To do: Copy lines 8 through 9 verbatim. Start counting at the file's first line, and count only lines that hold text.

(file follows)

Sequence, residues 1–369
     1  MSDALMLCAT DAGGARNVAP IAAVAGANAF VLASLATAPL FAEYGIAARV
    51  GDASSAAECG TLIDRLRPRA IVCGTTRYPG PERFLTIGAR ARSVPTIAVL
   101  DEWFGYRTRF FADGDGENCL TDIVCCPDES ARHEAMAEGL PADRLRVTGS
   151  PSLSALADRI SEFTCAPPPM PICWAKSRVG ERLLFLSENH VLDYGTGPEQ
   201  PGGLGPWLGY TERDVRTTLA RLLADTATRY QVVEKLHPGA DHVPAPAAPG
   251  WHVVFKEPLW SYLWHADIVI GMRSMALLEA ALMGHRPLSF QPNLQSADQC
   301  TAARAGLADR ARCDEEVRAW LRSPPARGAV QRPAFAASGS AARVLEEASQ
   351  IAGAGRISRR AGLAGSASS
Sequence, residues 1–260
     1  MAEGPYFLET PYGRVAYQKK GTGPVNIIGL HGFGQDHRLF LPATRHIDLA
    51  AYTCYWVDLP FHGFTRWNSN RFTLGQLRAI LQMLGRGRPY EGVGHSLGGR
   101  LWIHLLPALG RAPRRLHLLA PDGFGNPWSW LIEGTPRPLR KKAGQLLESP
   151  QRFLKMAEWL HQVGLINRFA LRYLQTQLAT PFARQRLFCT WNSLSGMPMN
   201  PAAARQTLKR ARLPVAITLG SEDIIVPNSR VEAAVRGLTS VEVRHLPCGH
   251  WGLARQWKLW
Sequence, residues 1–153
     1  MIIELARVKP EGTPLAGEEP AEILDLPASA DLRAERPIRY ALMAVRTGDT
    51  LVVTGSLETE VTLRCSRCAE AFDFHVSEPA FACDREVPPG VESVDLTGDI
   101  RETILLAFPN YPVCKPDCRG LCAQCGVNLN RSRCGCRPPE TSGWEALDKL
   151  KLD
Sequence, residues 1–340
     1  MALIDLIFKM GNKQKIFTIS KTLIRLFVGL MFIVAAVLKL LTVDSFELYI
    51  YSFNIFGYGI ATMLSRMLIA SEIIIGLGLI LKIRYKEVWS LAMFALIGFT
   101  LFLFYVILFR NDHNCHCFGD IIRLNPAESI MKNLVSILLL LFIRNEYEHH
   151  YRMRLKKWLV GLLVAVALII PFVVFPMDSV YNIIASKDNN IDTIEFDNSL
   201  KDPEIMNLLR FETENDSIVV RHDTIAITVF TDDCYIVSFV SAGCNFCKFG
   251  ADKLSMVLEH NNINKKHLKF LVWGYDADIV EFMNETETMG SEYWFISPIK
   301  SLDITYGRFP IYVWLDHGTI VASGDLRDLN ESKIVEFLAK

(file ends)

   301  TAARAGLADR ARCDEEVRAW LRSPPARGAV QRPAFAASGS AARVLEEASQ
   351  IAGAGRISRR AGLAGSASS